SCOTTSDALE, AZ (3TV/CBS 5) - A Tempe man has been arrested after police say he was peeping into windows of homes. Police say he used a popular social media app to find his targets.
Police say 34-year-old Steven Anthony Spoon posed as a teenage girl on Snapchat to befriend and track down some of his victims.
Parents and friends of the victims say Spoon used the Snap Map feature on Snapchat and was able to pinpoint their exact location.
"It’s heartbreaking. As a parent you want to keep them safe," another mother agreed.
"And one girl in the friend group accepted it," one of the moms explained. "Everyone else said, 'Hey she’s a friend of my friend,' so I’ll accept it.”
The investigation into Spoon began in 2018, according to court documents, when Scottsdale Police started receiving calls about a man looking through windows.
Thanks to a tip, police were able to get a license plate number, and started monitoring Spoon's movements through his phone's GPS.
On Wednesday, they tracked him to a gated Scottsdale neighborhood, where police say he jumped a fence and entered a backyard.
Officers quickly caught up to him and arrested him.
One 13 year old girl who lives in that neighborhood says Spoon had been following several of her friends on Snapchat through his alleged fake account,
She wonders if he was in their neighborhood for them that night.
"Kind of like freaked out about it, because they always come over, so I'm like maybe he came to my house. And it's like kind of creepy and nerve wracking," she said.
One father, who wants to remain anonymous, said he relieved by the arrest.
"That guy took things. He took safety from us," he said. "We're a pretty buttoned-up house. We have surveillance cameras. We have German shepherds. So, when they're barking at everything, or the dogs are moving through the yard, it's nerve-wracking. It's been a nerve-wracking thing that wasn't a nerve-wracking thing our whole lives."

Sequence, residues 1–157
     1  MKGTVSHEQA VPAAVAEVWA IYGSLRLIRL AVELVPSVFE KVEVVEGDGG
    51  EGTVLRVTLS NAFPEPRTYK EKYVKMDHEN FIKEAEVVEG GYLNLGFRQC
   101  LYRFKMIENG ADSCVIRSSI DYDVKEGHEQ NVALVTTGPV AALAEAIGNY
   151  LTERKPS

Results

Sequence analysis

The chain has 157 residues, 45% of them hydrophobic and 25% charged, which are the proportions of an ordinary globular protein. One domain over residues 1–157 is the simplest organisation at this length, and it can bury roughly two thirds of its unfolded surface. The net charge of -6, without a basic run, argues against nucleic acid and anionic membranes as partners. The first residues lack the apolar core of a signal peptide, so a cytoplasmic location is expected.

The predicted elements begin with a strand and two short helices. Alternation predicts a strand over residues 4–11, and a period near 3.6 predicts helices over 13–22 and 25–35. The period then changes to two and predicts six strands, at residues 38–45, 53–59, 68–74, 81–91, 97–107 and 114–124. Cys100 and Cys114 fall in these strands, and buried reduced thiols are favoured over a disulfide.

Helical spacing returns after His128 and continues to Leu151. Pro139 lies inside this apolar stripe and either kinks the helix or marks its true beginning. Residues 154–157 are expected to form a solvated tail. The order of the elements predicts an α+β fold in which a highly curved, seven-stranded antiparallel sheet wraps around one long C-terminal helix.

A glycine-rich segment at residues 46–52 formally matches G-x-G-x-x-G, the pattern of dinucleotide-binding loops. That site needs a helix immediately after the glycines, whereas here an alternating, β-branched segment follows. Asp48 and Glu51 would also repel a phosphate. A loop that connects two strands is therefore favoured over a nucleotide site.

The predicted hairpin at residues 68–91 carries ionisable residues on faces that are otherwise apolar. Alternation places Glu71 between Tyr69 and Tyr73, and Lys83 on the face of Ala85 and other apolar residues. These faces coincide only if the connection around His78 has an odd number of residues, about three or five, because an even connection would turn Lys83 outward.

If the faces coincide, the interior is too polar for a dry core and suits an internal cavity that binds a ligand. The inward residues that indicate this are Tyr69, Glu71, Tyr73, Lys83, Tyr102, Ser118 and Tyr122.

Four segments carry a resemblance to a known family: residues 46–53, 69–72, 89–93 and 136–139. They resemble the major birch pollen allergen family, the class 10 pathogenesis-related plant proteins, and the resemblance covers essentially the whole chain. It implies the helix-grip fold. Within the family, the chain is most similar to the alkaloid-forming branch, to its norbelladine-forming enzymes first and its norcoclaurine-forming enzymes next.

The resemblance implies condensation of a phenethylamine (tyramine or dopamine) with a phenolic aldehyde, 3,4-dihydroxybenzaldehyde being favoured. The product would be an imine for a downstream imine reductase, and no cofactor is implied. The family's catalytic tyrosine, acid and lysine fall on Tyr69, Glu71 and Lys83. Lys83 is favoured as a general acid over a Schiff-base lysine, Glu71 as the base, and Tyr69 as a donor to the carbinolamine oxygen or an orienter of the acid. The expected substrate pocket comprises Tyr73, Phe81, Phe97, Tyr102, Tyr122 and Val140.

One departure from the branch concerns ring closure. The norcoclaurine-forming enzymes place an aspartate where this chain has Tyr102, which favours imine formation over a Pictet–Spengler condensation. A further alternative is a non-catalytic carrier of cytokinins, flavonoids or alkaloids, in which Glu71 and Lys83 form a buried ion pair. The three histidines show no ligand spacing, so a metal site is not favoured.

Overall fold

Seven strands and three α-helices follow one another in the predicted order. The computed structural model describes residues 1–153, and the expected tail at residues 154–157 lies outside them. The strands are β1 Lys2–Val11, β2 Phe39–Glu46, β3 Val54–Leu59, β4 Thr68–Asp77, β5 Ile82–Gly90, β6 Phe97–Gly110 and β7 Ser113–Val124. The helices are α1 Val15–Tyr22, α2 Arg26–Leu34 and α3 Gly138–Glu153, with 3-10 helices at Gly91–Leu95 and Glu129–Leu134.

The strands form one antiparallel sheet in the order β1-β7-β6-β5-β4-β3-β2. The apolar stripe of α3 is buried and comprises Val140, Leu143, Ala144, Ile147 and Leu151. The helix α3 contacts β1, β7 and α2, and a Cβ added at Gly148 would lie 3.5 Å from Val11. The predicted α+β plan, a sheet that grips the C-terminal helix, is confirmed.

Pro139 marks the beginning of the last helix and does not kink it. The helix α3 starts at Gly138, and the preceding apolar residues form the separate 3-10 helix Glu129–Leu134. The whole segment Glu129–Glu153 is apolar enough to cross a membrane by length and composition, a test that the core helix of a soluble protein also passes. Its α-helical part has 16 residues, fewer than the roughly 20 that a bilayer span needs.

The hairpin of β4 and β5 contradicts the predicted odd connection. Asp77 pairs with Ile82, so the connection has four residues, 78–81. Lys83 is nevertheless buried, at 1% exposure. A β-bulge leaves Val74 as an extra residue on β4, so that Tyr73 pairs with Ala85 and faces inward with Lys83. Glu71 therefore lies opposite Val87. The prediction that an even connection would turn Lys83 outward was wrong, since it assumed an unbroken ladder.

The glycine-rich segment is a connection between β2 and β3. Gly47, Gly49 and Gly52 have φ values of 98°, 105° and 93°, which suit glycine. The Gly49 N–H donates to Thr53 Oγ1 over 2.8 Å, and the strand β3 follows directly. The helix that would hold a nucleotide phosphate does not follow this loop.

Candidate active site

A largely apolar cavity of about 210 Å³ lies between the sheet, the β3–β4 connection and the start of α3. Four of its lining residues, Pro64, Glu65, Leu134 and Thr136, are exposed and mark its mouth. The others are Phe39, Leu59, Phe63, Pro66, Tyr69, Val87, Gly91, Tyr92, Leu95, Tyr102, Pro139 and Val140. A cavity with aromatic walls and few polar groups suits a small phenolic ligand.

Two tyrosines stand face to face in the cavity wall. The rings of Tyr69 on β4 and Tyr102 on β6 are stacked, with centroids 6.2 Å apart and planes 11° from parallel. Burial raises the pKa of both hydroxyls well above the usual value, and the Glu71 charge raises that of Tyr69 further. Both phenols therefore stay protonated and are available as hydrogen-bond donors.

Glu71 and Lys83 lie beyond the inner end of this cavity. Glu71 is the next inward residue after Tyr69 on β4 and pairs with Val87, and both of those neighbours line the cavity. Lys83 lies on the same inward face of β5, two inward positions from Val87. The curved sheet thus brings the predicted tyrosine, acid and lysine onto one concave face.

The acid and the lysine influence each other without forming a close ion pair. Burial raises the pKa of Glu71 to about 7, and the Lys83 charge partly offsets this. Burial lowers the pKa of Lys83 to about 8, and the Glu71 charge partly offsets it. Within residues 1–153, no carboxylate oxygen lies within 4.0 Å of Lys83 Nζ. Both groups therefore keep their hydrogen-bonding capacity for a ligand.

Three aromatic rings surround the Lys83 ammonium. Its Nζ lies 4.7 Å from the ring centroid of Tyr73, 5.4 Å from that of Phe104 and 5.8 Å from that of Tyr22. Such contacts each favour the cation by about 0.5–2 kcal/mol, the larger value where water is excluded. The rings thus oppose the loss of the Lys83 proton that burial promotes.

"One of the parts that strikes us is that some of the victims didn't even know they were a victim. We were able to place him through investigation that he had been in backyards of these different residents, and the unsettling fact is that it had gone on to those people who didn't even know," said Scottsdale Police Department spokesman, Detective Kevin Watts.
Many of these residents had one or more teenage girls living in the home, Watts said.
One father said his daughter was having a sleepover with her friends, ranging in age from 13 to 15 years old.
"The girls all run over into our bedroom, the master bedroom, and said, 'Somebody is looking in the window at us,'" said the father, who described grabbing his bat and running outside. "We rolled back our surveillance camera and there was a guy jumping over our fence, leaving our yard."
Once in custody, Watts says Spoon admitted to targeting homes of teenage girls for the purpose of viewing them changing or showering. Spoon told police he used parkour to enter backyards, front yards and side yards of victims.
Spoon said it is "parkour with a motive" and it gives him sexual stimulation. He admitted that he never meant to harm or scare anyone. He told police that he would never have gone further than looking into the windows and that he wants to get therapy for his "addiction."
[PROTECT YOURSELF: How to disable Snap Map feature on Snapchat]
Watts says the investigation is still ongoing and anyone with information is asked to contact the Scottsdale Police Department at 480-312-5000. (Click the phone number to call from this story on your mobile device.)
Scott Pietrzak, owner of Online Safety Specialists, says parents should make sure the location settings on their children's Snapchat apps are turned off.
"It should be very concerning to parents, and that should be a wake-up call to parents to start looking at their kids' phones whether they like it or not," said Pietrzak.